Honest Evaluation to Support Good Teaching, Part 1

Teachers deserve honest feedback on how they’re doing and any support needed.

Posted Jun 16, 2019

Jenny Rankin, used with permission
Source: Jenny Rankin, used with permission

The Programme for International Student Assessment (PISA) reported that U.S. students have dropped to merely average performance when compared to other countries’ students (USDE IES NCES, 2013). The release of these results at the end of 2013 triggered increased scrutiny of the manner in which teachers are evaluated. Many teachers are already working miracles in the classroom, so we need a way to spread the best teaching to classrooms nationwide.

As a start, consider three controversial realities:

  • Teacher evaluation is inadequate when it relies only on test data.
  • Administrators are often misleading when evaluating teachers.
  • Not all teachers feel respected as professionals when they are evaluated.

Rather than dispute or blame anyone for these problems, consider that most people involved have good intentions. These three realities are simply the products of other circumstances that comprise school system dynamics. Yet we cannot merely accept flawed evaluation methods, flawed evaluation feedback, and flawed treatment of teachers, because we cannot settle for school system aspects that ultimately hurt students and educators.

Fortunately, a single district-based reform has the potential to help remedy all three problems and improve student performance: remote classroom observation as a component of teacher evaluations.

Remote Classroom Observation

To trained eyes and ears, good teaching looks like good teaching. The Bill & Melinda Gates Foundation (2012) reported a clear, positive relationship between video-based teacher observation scores and improved student outcomes. Other research supports this. An evaluation system that relies on multiple data sources (test scores, student surveys, graduation rates, site-based observation, PD data, etc.), but largely on remote observation-based data will provide a more accurate picture of both teacher and school performance.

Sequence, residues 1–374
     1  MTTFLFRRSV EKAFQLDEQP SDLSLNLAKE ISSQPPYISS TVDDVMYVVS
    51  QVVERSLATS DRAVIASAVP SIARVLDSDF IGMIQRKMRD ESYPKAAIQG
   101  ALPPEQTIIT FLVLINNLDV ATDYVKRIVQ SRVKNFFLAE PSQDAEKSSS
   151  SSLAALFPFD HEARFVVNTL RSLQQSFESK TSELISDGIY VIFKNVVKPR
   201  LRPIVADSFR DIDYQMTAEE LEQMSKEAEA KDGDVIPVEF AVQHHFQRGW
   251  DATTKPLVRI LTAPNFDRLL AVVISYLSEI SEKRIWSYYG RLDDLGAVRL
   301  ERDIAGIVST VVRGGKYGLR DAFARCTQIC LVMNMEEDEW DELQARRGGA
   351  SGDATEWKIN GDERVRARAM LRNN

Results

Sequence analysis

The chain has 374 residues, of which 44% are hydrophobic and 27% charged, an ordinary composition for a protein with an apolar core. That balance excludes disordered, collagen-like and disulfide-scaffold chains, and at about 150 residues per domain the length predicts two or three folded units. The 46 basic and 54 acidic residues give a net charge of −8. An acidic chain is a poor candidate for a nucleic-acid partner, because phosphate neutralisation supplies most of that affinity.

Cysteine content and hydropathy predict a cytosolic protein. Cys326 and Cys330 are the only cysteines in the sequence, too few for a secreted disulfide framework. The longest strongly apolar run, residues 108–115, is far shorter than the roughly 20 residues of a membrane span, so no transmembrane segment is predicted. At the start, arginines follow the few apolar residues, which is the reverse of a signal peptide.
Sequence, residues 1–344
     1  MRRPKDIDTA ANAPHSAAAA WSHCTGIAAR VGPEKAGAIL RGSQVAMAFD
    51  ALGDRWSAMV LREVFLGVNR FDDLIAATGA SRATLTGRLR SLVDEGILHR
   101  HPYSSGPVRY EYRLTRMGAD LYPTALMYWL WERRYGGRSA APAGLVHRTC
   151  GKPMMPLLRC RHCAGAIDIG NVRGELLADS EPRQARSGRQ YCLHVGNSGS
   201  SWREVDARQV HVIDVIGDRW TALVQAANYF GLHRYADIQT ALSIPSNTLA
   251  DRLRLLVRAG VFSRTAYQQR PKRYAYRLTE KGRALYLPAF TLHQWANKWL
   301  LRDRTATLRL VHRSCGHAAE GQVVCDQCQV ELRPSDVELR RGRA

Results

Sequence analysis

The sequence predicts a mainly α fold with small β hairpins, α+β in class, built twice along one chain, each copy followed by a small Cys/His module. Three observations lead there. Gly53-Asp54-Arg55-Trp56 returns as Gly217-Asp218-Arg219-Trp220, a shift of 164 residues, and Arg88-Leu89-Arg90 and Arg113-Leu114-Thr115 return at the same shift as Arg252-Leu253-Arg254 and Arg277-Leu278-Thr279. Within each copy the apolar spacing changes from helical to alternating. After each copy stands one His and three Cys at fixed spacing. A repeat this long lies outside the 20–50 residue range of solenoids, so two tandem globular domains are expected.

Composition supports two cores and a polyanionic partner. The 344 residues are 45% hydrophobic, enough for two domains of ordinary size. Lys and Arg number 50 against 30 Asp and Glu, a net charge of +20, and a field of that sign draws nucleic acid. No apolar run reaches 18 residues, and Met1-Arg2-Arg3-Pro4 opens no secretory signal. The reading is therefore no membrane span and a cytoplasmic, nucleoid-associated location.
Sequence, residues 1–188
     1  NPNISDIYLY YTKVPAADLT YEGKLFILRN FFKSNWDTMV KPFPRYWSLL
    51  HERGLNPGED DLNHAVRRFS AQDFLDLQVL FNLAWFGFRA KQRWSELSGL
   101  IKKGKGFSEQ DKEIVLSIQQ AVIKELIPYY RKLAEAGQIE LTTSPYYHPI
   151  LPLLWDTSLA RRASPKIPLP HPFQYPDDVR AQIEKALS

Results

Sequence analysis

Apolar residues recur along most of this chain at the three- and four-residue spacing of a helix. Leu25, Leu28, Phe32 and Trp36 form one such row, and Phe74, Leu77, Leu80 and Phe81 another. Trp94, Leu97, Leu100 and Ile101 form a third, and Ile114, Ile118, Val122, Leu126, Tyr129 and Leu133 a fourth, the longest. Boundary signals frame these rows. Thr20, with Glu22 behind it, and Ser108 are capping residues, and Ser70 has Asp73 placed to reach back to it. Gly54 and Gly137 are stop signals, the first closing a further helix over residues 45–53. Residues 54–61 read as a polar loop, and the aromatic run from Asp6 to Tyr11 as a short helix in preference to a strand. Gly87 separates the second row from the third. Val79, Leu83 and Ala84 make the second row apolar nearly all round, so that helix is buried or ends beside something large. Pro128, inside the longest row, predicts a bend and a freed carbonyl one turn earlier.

Remote Observation Basics

In short, remote classroom observations can function within a teacher evaluation system like this:

1. Train Observers.

Highly-effective teachers are trained as observers of teachers in the classroom. Their training is ongoing: not just in how to use the observation tool, but also in research advancements informing good teaching. Ideally, observers are strangers to the teachers whose classrooms they observe. Varied models exist concerning whether the observers continue to work as teachers (e.g., part-time), or if they work in the observer role full-time (e.g., offering ongoing feedback and mentoring).

2. Frontload Teachers.

Ideally, teachers and administrators are involved in the district’s decision to implement remote observations, as well as in selecting and finalizing the district’s observation criteria and protocol. Student feedback is also recommended. All observation procedures and resources are then clearly communicated to teachers and posted online where any educator can access them. Thus teachers have advance access to the tool by which they will be evaluated, and administrators can watch sample videos and use a related scoring practice tool to improve their ability to give constructive feedback and support to teachers throughout the year.

Posted resources also include grade- and subject-specific instructional videos showing and explaining how each rubric score for each observation area might look in the classroom so that teachers can view videos at any time to help them reflect on their own teaching and illustrate concepts when discussing practice with colleagues. These videos can stem from recordings of master teachers in action.

3. Evaluate.

Teachers schedule videotaping to record their delivery of different lessons. These lessons have to meet grade and subject-based criteria (for example, an elementary teacher covers varied subjects, an Algebra teacher covers varied standards, etc.). Observers then view the videotapes and use the tested and perfected observation instrument to evaluate teachers in a variety of areas (e.g., instructional delivery, student engagement, behavioral management, supportive climate, etc., all of which impact student outcomes). Videotaping significantly decreases the cost of an observation system, allowing observers to watch teacher after teacher with no transportation down-time. Videotaping also allows multiple observers to view and score the same teachers with ease, allowing averaging of scores to render better reliability.

What’s Next?

In the Part 2 and Part 3 companions to this article, we will explore additional steps to providing teachers with honest feedback and support.


Bill & Melinda Gates Foundation (2012). Gathering feedback for teaching: Combining high-quality observations with student surveys and achievement gains. Retrieved from http://www.metproject.org/downloads/MET_Gathering_Feedback_Research_Paper.pdf

Rich, M. (2012, October 15). Seeking aid, school districts change teacher evaluations. The New York Times. Retrieved from http://www.nytimes.com/2012/10/16/education/seeking-aid-more-districts-change-teacher-evaluations.html?pagewanted=all

U.S. Department of Education (USDE) Institute of Education Sciences (IES) National Center for Education Statistics (NCES) (2013, December). Welcome to PISA 2012 Results. Retrieved from http://nces.ed.gov/surveys/pisa/pisa2012/index.asp

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